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Dr. Michael J.D. Sutton © Copyright © 2013 Michael JD Sutton No part of this presentation may.

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1 Dr. Michael J.D. Sutton © Copyright © 2013 Michael JD Sutton No part of this presentation may be reproduced without the permission of the author. Wikis: An Experiential Learning Tool to Engage Students in Undergraduate and Graduate Courses Blog: Website:

2 Intellectual Property Statement (1)  This presentation is Copyright © 2013, Michael JD Sutton  No part of this presentation (document) may be reproduced, stored in a retrieval system, or transmitted, in any form or by any means, electronic, mechanical, photocopying, recording, or otherwise, without the prior written permission of Dr. Michael JD Sutton.  These PowerPoint Presentation Slides were made available exclusively to attendees of the Annual HETL 2013 Conference, Orlando, FL. Under copyright law, Dr. Sutton is granting you fair use of a copy of this document for your personal files. International HETL Conference2 Blog: Website:

3 Intellectual Property Statement (2)  Under no circumstances may portions of this material be used for, or incorporated into, your own reports, presentations, workshops or seminars without obtaining written attribution to Dr. Michael JD Sutton.  Historically, Dr. Sutton has not withheld consent to incorporate or use specific portions of this material to a reasonable requester. Dr. Sutton only asks that the following conditions be met for attribution: 1) appropriate attribution on the presentation slide or report, i.e., “Sutton, Michael. (2013). Wikis: An Experiential Learning Tool to Engage Students in Undergraduate and Graduate Courses. International HETL Annual Conference, Orlando, FL” and, 2) you purchase Starbucks $5 gift card and send to Dr. Sutton. International HETL Conference3

4 Goal of the Literature Review [1]  Explore a wide range of existing references within the existing body of international literature emerging through multidisciplinary and cross-disciplinary sources  Purpose: initial attempt to frame the new interdisciplinary educational field by analyzing emerging literature from many different disciplines, sub-disciplines, and fields of study. International HETL Conference4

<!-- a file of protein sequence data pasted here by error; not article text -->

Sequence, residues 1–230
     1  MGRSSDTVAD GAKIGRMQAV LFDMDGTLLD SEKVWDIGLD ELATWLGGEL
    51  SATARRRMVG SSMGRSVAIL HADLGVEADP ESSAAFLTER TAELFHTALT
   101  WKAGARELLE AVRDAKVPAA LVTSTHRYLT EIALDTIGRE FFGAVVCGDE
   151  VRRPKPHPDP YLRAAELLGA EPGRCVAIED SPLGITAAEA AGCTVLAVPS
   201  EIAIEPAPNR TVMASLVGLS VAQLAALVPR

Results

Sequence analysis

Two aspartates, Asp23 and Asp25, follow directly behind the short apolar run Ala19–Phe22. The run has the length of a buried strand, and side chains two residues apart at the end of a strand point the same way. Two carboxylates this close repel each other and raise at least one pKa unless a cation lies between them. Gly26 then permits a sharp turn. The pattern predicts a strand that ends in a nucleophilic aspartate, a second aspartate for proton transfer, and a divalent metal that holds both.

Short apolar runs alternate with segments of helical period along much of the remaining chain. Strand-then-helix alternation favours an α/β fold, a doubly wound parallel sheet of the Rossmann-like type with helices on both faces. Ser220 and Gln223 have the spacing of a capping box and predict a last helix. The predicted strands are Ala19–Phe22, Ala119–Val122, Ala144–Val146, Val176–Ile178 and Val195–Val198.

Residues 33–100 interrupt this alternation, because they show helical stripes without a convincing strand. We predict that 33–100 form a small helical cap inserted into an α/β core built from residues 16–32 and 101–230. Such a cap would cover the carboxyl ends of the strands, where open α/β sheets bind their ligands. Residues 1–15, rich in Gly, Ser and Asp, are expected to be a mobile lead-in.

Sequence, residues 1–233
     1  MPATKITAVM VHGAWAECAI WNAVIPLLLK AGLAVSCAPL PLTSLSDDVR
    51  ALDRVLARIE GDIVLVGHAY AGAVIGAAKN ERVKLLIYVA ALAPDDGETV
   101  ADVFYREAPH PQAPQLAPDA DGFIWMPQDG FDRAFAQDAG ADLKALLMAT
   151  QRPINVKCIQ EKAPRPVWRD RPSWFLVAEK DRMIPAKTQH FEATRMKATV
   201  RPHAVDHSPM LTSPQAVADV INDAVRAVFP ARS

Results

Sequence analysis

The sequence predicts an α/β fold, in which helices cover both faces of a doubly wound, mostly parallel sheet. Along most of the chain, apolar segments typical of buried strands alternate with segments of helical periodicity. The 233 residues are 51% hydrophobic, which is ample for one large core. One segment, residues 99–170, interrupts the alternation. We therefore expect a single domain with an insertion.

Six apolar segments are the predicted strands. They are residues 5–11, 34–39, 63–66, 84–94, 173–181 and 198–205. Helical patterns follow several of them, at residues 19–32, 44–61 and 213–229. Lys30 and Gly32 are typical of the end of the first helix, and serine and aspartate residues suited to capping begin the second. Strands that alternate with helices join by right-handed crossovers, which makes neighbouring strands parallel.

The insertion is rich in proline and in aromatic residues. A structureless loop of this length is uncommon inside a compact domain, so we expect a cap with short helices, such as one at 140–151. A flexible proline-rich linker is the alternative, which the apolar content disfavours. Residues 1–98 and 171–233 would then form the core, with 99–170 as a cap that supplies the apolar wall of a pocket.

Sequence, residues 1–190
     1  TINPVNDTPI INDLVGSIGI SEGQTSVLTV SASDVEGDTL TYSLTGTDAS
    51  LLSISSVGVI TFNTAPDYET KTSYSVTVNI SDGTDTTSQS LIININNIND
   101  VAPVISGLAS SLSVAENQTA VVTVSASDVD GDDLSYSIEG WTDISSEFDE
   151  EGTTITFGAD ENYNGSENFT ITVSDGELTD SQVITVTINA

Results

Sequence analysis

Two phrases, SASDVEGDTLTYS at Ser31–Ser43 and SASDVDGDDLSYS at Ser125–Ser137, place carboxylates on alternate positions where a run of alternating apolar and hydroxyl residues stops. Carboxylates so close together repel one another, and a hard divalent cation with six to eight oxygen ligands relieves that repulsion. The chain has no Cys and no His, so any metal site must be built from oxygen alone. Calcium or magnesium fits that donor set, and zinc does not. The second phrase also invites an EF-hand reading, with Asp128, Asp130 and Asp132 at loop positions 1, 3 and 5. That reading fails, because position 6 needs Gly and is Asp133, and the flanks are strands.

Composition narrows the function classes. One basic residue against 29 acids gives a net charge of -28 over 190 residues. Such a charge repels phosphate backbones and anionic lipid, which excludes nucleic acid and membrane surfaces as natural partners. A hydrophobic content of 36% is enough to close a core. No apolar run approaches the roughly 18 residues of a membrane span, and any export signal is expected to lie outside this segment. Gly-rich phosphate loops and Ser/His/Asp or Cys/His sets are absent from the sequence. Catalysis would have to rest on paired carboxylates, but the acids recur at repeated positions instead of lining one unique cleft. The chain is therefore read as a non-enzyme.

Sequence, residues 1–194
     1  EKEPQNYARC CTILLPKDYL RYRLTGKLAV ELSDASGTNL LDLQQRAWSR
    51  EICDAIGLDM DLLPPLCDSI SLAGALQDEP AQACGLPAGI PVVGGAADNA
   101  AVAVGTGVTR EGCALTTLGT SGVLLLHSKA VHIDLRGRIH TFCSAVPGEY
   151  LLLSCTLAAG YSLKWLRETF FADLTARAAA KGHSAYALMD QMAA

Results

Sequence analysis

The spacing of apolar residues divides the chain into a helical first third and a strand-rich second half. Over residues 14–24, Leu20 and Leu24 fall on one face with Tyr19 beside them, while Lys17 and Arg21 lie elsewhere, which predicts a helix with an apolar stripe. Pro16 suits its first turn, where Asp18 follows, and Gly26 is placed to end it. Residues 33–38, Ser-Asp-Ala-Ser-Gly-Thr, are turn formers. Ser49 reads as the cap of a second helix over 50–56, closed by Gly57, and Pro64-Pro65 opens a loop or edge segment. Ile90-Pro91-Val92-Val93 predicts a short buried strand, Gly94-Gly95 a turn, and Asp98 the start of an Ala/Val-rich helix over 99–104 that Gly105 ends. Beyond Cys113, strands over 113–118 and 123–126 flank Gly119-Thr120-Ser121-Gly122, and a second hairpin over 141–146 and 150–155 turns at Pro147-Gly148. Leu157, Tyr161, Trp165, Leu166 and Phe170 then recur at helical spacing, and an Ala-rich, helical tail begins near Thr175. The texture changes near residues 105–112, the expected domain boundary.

5 Goal of the Literature Review [2]  ~500 references were originally identified, retrieved, and reviewed  Consensus on the impact of wikis appeared to be positive.  Evidence provided in a minority of cases, studies, and course descriptions were inconsistent or did not reinforce the strengths of wiki tools in learning environments.  Emergent body of knowledge associated with wikis in HE appeared predominantly focused upon the experiences and learning outcomes of learners.  Answering the question of “how educators integrate wikis appropriately in formal education” appeared contradictory. International HETL Conference5

6 Sampling Method  Encompassed the review primary and secondary research material  Coverage was international and consisted of English language material International HETL Conference6

7 Method  Illuminative evaluation (Parlett & Hamilton, 1972), using document analysis method  Used descriptive & interpretative methods International HETL Conference7

8 Search Strategy  Initially Google Scholar and Google  Subsequently, online academic sources were searched in-depth International HETL Conference8

9 Search Strategy [2]  Keywords encompassing a structured combination of the search terms: classroom collaboration education higher education learning student teaching wiki  Within the title or abstract: > 75% contained 3 of the search terms as co- located words > 90% contained 2 of the search terms as co- located words International HETL Conference9

10 Characteristics of Exemplary Cases  Yin (1994) outlined five characteristics of exemplary case studies: significance, completeness, consideration of alternative perspectives, reporting of sufficient evidence, and an engaging composition  Characteristics used to explore exemplary cases International HETL Conference10

11 Reported Results/Outcomes from Cases  Learner engagement with wikis provided significant opportunities for: self ‐ representation, personal reflection, and additional instances of organized forms of collaboration and knowledge construction.  Content is often remixed, repurposed, and regenerated into more refined knowledge nuggets through collaborative activities creating “network effects through an ‘architecture of participation,’ and going beyond the page metaphor of Web 1.0 to deliver rich user experiences” —O'Reilly (2005) International HETL Conference11

12 Proposed Wiki Typology  Phillipson (2008) proposed a typology to describe different kinds of wikis within HE: resource wiki — repository to collect a collaborative knowledgebase of wide ranging topics for learner access presentation wiki — discussion forum for learner knowledge nuggets gateway wiki — data repository for static information simulation wiki — foundation for constructing narrative paths and decision-making illuminated wiki — corpus of material that tightly integrated original material with the discussion and comments, based upon the actual wiki structure International HETL Conference12